Man on the Moon is a 1999 film inspired by the life of Andy Kaufman, an American actor and comedian who died in May 1984. The film, which featured a stellar cast consisting of Jim Carrey in the lead role and Danny DeVito, Paul Giamatti, and Courtney Love in supporting roles, recounts the story of Andy and a few of his failures in the nightclubs, since the performances he offered were not the ones the audience wanted to see. An interesting thing about this movie is that, throughout the four months of filming, the actor got so deep into Kaufman’s character that he never stepped out of the role, per Vanity Fair. He even asked to be referred to as Andy on set.
4 Peggy Sue Got Married
This 1986 movie was one of Jim Carrey’s first films, and he shared the cast with Nicolas Cage, who was also in the early years of his career. Directed by Francis Ford Coppola, Peggy Sue Got Married tells the story of Peggy Sue, a woman who, in 1985, is about to divorce her unfaithful husband. In the midst of this situation, the woman attends a high school reunion party, and while being crowned queen of the evening, she faints. When she awakes, Peggy discovers that she is in 1960, still in school and living with her parents, so she seizes the opportunity to make amends for her mistakes and build the life that will make her happy in the future. Carrey plays Walter Getz, who, despite being a secondary character, still managed to make the audience laugh.
3 I Love You Phillip Morris
I Love You Phillip Morris is another movie in which Jim Carrey played a person who actually existed in real life. In this 2009 comedy-drama, the actor takes on the role of Steven Jay Russell, an American swindler who became notorious for his scams and multiple attempts to escape prison. Steven was living an undesirable life married to Debbie (portrayed by Leslie Mann) until he openly declared himself gay and set out to live the luxurious, hard-partying life he had always dreamed of. However, this lifestyle proves to be too expensive, and in order to support it, Steven pulls more than one scam, ending up in prison. There, he meets his one true love, an inmate named Phillip Morris portrayed by the brilliant Ewan McGregor. The movie traces the love affair between these characters from their very first meeting and the way it was affected by Steven’s subsequent cons and breaks from prison. This film received very good reviews, and provided Carrey with a very interesting role that was quite a departure from the ones he had been playing at the time.
2 Eternal Sunshine of the Spotless Mind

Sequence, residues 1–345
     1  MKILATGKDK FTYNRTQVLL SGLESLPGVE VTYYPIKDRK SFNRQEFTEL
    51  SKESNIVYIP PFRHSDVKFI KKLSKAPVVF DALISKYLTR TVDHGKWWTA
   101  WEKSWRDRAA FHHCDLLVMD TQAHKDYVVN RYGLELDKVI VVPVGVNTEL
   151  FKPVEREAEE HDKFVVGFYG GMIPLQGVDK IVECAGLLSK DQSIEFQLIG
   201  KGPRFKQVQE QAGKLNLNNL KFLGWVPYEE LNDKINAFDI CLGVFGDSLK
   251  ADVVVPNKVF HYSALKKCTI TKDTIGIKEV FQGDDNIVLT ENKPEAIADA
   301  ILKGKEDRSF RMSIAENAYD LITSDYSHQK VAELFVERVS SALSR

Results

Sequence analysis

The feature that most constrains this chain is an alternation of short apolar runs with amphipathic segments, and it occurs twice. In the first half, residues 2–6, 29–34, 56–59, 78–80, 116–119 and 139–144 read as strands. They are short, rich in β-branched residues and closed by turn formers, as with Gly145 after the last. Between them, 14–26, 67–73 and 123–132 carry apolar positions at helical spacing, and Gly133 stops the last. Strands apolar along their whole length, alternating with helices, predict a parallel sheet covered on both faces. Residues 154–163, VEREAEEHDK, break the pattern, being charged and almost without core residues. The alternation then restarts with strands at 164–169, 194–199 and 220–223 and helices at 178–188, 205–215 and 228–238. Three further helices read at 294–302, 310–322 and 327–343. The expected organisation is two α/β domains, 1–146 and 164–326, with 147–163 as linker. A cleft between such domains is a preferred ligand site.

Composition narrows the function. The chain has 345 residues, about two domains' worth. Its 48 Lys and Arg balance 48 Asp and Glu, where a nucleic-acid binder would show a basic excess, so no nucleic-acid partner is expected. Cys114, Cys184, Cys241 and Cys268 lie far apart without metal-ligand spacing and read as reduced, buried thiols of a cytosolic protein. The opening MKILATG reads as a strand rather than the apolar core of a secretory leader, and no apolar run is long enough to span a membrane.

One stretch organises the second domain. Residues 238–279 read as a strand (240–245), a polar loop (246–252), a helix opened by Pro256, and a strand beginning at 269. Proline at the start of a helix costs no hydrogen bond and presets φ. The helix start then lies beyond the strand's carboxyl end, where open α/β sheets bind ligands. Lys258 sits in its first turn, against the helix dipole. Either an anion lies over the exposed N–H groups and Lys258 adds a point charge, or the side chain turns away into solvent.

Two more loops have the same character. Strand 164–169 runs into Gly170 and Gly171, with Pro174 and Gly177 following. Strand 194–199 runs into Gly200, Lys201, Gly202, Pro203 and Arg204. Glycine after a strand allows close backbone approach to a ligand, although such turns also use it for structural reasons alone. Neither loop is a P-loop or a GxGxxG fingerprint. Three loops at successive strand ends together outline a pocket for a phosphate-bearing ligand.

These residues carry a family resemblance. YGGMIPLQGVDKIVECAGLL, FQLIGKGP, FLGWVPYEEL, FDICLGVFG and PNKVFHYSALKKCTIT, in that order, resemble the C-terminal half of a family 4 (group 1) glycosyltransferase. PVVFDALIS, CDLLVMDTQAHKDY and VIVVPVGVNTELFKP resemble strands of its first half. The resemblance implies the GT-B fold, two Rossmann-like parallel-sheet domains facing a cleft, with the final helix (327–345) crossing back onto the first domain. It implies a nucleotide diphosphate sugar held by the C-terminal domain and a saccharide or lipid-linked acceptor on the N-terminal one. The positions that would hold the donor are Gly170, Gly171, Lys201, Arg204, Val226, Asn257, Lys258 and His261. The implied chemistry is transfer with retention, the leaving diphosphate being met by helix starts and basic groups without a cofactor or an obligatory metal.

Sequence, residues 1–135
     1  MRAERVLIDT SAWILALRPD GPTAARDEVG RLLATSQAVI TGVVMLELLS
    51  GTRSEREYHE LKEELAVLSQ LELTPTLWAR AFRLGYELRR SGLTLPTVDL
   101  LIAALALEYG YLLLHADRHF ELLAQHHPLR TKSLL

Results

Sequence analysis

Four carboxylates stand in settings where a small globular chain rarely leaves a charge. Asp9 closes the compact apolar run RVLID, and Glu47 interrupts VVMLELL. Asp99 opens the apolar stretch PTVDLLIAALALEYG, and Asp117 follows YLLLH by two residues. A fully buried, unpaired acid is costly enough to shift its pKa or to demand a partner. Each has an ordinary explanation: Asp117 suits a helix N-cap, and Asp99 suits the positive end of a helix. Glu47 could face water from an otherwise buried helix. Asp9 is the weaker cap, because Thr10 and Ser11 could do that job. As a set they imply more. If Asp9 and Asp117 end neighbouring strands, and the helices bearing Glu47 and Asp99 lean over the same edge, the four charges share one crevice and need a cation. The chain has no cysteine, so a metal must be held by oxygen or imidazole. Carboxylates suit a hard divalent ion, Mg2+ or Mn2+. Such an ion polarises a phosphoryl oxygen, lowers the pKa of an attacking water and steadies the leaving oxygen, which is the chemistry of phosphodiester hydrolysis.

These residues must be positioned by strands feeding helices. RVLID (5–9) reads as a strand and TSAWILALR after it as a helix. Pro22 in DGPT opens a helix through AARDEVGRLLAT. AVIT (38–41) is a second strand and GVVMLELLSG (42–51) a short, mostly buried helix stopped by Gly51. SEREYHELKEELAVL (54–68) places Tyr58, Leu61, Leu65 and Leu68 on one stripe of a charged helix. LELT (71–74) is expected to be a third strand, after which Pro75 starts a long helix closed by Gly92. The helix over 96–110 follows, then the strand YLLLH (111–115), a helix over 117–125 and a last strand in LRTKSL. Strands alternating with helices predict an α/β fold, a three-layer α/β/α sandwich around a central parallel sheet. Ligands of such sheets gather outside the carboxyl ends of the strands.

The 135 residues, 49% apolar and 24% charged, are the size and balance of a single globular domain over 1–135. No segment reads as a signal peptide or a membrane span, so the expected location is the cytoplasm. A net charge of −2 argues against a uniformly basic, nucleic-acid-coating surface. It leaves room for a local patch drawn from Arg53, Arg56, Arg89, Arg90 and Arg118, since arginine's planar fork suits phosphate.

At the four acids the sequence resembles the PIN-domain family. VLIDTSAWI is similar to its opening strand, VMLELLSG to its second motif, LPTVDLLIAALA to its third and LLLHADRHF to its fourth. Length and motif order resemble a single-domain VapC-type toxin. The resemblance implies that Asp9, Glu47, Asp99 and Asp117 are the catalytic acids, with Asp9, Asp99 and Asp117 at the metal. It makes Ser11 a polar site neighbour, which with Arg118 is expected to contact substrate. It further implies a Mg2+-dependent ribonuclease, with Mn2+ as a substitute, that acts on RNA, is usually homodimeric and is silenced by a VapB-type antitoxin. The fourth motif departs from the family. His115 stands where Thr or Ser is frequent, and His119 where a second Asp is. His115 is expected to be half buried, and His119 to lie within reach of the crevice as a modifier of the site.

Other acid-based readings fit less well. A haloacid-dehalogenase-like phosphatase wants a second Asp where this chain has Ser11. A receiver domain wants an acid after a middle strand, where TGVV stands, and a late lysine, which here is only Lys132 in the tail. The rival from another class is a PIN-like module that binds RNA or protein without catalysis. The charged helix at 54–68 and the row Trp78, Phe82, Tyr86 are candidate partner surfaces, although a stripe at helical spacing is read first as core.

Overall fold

If there’s one thing this movie taught the audience, it’s that erasing shared memories doesn’t wipe away feelings, and that sometimes our hearts are stronger than science. In Eternal Sunshine of the Spotless Mind, Jim Carrey is Joel, and he first meets Clementine (played by the brilliant Kate Winslet) at a railroad station. The two connect instantly, but it is later revealed that they were actually once a couple, and after a huge fight, Clementine called in a specialist to erase Joel from her memory. The man, ravaged by the situation, decides to undergo the process of memory erasure as well. The movie essentially unfolds within Joel’s memories, as the audience is able to navigate his relationship with Clementine, from the most recent memories, which are chaotic and distressing, to the first ones, in which the couple was completely in love. This film is thought-provoking on all levels, emphasizing on the importance of learning from both successes and mistakes as a way to create a better future.
1 The Truman Show
The Truman Show is Jim Carrey’s best dramatic performance, and the movie was such an influence that it even originated the Truman Syndrome. With an excellent reception from critics and audiences alike, this 1998 production instilled a fear that hadn’t existed before: the fear of being observed. Truman Burbank is a charismatic man with a perfect life — just too perfect to be real. Unbeknownst to him, he is the star of a television show that has the world on edge. His entire life happens to be filmed 24/7, and every social interaction he has, from his wife to his best friend, involves actors. In an attempt to provide genuine, unpretentious content, Truman has been unknowingly watched by millions of people since he was in his mother’s womb, and though he always wanted to leave town, whenever he came close to doing so, someone would stop him. But everything changes when, after a light bulb falls from the sky, Truman discovers that some things around him don’t make sense, and begins a journey towards uncovering the truth. Both this movie and Carrey in his leading role were nominated for a great number of awards. Among them: Carrey won a Golden Globe for Best Performance by an Actor in a Motion Picture – Drama, and director Peter Weird was awarded The David Lean Award for Achievement in Direction at the BAFTA Film Awards.